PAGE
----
Some children with specialist mental health needs are waiting more than eight weeks to be seen.
And the number of all cases referred to Child and Adolescent Mental Health Services (CAMHS) has gone up to 1,065 in the year to the end of March from 906 in 2017-18.
The figures emerged when the Brighton and Hove City Council Health and Wellbeing Board met at Hove Town Hall yesterday (Tuesday 12 November).
Green councillor Sarah Nield asked about services for children needing mental health care and support.
Deb Austin, the council’s acting director for families, children and learning, said that children and young people with some of the greatest need faced longer waits.
This was affecting those who needed the support of psychiatric services, psychologists, psychotherapists and other specialist therapists.
She said: “There should be an eight-week period between a referral and a child being seen. Unfortunately that is far longer.
“Obviously, that is something the CCG (clinical commissioning group) is aware of and something that is being fed into the Sussex-wide review of emotional and mental health provision for children and young people.”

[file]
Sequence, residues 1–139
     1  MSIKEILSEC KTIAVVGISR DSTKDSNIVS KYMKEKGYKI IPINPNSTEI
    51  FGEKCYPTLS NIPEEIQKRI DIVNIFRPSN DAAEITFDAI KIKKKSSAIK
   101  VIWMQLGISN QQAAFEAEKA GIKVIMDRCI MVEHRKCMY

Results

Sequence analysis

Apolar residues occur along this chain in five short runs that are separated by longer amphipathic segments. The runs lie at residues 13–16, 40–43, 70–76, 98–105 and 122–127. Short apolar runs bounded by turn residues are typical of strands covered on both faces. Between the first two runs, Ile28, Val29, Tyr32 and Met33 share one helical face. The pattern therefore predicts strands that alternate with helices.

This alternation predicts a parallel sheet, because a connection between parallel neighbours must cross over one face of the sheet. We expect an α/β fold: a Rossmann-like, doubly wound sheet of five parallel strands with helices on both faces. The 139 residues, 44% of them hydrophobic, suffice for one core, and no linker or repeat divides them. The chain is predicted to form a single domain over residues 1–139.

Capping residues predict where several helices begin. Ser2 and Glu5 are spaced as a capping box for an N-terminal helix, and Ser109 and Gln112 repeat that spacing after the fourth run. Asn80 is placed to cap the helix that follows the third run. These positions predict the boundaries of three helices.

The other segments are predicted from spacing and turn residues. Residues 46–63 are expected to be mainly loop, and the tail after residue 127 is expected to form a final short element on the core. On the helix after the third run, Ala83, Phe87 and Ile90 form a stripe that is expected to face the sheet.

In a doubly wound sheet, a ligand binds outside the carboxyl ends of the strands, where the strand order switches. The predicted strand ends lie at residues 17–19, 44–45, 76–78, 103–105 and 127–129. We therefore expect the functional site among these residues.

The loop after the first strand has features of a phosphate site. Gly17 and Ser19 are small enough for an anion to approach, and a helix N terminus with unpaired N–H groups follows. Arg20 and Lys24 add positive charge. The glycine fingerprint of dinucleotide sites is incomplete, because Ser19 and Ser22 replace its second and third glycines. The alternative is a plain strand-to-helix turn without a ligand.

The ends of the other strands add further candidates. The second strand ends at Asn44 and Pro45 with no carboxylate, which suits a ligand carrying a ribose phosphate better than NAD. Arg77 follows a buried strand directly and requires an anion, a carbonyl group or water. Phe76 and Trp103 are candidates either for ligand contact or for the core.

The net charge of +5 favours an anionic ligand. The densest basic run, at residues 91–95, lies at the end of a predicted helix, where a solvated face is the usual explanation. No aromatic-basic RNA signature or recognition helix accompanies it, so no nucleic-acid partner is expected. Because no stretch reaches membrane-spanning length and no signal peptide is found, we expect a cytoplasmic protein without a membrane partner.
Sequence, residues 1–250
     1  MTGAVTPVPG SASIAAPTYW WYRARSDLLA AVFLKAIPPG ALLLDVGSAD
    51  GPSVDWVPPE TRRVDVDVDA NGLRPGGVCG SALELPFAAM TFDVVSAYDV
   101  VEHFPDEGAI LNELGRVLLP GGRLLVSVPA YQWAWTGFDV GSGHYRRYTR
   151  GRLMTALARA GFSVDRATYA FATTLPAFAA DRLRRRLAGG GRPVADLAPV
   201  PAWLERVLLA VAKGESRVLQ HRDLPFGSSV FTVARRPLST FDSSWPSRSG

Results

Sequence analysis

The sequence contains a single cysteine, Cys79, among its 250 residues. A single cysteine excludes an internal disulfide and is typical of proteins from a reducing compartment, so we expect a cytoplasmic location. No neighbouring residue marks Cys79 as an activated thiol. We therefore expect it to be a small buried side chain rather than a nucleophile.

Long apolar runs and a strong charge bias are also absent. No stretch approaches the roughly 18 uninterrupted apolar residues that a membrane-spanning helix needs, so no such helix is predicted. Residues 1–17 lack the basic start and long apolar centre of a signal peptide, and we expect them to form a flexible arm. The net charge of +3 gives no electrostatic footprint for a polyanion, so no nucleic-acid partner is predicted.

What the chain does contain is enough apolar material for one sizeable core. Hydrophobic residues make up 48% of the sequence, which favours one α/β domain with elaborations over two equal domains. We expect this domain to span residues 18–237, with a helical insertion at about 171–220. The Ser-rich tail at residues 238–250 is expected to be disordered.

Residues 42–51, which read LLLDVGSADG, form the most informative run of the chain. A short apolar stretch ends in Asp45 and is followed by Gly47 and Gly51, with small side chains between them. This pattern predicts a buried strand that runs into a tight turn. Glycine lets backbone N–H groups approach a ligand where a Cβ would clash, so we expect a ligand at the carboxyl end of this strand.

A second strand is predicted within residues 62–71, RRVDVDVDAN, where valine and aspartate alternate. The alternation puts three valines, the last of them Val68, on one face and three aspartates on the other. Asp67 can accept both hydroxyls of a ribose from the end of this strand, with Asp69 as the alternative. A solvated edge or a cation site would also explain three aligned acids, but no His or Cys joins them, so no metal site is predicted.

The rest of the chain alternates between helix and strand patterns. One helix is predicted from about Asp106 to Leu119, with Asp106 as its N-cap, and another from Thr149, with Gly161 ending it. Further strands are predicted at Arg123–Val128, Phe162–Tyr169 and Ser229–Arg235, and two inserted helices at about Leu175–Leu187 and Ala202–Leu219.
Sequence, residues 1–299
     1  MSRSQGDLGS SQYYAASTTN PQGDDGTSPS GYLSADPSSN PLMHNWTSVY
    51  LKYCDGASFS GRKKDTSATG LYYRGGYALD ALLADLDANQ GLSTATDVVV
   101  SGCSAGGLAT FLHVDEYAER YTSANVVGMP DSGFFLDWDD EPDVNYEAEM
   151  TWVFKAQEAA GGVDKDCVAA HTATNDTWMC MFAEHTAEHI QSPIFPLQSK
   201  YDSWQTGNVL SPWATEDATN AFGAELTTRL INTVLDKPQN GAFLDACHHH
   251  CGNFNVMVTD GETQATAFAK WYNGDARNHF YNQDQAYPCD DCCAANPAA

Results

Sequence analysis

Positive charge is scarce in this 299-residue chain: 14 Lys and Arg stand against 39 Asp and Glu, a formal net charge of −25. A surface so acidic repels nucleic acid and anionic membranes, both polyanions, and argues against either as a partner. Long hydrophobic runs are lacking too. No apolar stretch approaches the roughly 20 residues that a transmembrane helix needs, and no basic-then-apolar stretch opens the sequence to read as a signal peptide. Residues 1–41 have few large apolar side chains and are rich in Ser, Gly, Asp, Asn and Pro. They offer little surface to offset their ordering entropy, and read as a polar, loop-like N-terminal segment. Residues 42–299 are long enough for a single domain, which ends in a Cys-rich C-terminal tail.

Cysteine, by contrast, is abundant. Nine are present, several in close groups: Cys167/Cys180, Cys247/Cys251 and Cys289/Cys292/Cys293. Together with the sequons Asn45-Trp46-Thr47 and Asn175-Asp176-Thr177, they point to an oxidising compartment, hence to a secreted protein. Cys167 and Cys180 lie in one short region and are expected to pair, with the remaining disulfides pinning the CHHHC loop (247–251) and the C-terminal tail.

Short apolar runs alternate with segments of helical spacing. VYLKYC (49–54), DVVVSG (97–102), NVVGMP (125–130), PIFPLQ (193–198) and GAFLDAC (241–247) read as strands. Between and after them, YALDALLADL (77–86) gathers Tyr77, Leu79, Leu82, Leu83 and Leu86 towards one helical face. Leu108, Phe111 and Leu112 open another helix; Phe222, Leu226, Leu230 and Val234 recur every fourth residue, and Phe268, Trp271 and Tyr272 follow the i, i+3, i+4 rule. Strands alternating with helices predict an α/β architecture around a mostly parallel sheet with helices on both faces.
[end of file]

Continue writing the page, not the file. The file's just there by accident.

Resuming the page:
She said that children with a lower level of need were often able to receive support at school, adding: “That is a service that can be much more responsive.”
All of Brighton and Hove’s state secondary schools have community mental health workers.
The council also runs a behaviour and inclusions support service from within the council’s families, children and learning directorate to provide support to children in primary and secondary school.
Brighton and Hove CCG’s director of commissioning Ashley Scarff said that the Sussex-wide review was comprehensive and the results were due in January.